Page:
When the museum at Princeton was not built, we asked for the items back.   It took 4  letters to the Dean and President of the University before I found out the items had been stolen.

Did they bother to apologize or help us recoup the items?  Nope.  Nor did they pay for them.  So, I have little or not respect for anyone making money off my Father’s or Grandfather’s work.

Sorry, but, I really have an issue with these people,  I reported it to EBAY.

She of course gave me clearance to share this sad tale.  Obviously if anyone knows the whereabouts of these Allerdice family items please let me know.  I contacted Princeton media relations for comment (and I realize this happened many years ago).

Joy Miller & The Disgrace of 1909


  1. I don’t quite understand how a copy of a photograph out of a newspaper’s archives has a “dark side” — what possible issue could she have with its sale? Even if she has the original (I’m not sure what that means — how were photographs reproduced back then?), surely she doesn’t control the rights to an old copy of a photograph of her grandfather. Does she?

    [Note that these are not rhetorical questions. No offense is intended.]

    Also — I work in the museum world, and have friends who work in Princeton’s museums. It’s very strange to borrow items for a museum that hasn’t yet been built. A curator hired to plan a future exhibition might contact the family and find out what they have and if they would be willing to loan some things, but actual museums have things like insurance covering objects on loan, and so on. It almost sounds like a scam.

  2. @Rasmus
    Rasmus, good points and questions. Unless this was a personal family photo (which seems unlikely given he’s in uniform) it probably was copied for distribution in one way or another. I know old wire photos were reproduced several times. Sounds like the sight of the photo brought up some bad memories for Ms Allerdice, namely the alleged Princeton incidents.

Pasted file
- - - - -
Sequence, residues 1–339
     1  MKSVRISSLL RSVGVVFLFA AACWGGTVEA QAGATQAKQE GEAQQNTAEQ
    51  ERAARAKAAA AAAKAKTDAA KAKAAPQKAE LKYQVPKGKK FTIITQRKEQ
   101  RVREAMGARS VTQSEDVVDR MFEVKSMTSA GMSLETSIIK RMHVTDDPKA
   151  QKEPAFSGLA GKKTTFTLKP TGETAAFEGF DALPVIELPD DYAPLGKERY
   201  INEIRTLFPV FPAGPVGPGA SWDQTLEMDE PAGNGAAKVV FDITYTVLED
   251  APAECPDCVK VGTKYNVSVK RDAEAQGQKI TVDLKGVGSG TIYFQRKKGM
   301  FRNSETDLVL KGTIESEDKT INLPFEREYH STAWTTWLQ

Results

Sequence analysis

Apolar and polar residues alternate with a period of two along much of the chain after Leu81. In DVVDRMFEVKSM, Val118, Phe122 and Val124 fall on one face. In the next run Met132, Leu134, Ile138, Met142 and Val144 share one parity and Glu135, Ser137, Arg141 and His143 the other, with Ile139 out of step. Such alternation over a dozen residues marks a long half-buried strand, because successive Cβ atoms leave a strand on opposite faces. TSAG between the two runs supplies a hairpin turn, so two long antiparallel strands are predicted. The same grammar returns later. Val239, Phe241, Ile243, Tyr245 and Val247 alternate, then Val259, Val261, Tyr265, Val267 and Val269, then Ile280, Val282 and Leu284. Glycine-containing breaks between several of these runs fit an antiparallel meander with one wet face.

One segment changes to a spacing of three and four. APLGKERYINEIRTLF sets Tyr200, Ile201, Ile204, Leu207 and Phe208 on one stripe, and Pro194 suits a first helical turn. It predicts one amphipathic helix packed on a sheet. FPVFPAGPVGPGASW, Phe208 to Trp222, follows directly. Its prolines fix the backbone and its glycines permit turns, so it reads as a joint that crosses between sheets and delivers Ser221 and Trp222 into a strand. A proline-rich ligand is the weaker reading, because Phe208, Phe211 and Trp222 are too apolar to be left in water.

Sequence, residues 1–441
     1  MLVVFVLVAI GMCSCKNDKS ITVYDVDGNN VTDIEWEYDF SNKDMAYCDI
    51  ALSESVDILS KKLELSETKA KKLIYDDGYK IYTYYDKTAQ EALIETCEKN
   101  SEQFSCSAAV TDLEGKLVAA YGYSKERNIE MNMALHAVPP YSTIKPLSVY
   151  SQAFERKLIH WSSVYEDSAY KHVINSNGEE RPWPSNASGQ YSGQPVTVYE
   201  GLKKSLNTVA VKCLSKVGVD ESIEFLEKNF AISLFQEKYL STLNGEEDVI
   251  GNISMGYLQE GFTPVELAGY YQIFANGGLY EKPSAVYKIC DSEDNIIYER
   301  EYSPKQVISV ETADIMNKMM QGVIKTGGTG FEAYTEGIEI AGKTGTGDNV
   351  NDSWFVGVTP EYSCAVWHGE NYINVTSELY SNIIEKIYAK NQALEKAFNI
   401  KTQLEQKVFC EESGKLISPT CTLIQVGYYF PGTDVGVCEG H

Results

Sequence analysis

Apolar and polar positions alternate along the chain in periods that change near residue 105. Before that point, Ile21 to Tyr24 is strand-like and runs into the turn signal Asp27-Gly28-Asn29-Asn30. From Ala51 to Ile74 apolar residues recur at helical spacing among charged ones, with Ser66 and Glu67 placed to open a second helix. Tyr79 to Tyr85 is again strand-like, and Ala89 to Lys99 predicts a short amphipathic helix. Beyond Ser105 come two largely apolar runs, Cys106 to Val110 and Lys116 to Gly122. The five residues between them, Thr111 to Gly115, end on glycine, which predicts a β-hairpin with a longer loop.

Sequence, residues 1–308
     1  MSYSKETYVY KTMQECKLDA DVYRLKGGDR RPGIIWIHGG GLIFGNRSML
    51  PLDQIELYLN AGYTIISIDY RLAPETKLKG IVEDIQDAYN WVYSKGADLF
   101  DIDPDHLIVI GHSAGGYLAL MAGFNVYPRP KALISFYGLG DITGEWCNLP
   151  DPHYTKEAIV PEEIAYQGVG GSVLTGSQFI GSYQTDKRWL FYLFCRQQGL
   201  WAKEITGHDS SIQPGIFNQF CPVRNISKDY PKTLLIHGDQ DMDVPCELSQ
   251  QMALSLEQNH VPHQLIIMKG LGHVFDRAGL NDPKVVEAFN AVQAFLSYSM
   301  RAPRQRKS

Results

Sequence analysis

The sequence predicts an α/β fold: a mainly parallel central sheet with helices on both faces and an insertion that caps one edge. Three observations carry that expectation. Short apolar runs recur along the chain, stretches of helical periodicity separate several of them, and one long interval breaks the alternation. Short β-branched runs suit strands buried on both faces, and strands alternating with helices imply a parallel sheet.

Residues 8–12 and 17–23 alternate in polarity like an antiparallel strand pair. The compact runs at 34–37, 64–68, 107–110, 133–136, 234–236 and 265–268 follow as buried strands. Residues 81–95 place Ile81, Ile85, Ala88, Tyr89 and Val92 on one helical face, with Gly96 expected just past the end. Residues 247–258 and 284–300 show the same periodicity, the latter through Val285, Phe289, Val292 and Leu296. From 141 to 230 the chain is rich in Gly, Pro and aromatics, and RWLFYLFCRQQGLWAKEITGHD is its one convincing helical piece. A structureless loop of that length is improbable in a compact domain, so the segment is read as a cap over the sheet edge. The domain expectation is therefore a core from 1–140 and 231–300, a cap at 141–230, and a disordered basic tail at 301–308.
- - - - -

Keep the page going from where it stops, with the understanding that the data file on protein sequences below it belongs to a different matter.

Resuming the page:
As mentioned I contacted Princeton’s football SID and I’m curious if they have any insight – perhaps this was a group only loosely associated with the University and the school had little control (maybe that explains the poor response). If your pals have any insight that’d be cool to hear as well.

  3. Annie Allerdice

    I work within the Museum World as well, and the copyright laws have expired. He is of course can send the info where he likes.
    I realize now, as I said before, an excuse will work as it will for whatever needs.

    And retrospect, maybe its for the best, keeps the name alive and changes the goal for
    better preservation. Just know, that while he may not care about my feelings, one day, it may could come back to bite his own hand. Karma is funny that way.

    Lastly, my sister thinks I might have the dates off a bit, she thinks it might have been a few years earlier on the Princeton Call. Just an FYI.

    And, I still have the Full Fledged Pig Ball… Now many oldtimes can say that?

  4. Annie Allerdice

    P.S. Thank you Greg for being so charming and thoughtful. I means the a great deal to know that people are willing to research and reveal such a wonderful part of our history for all to enjoy. My father would have liked you a great deal.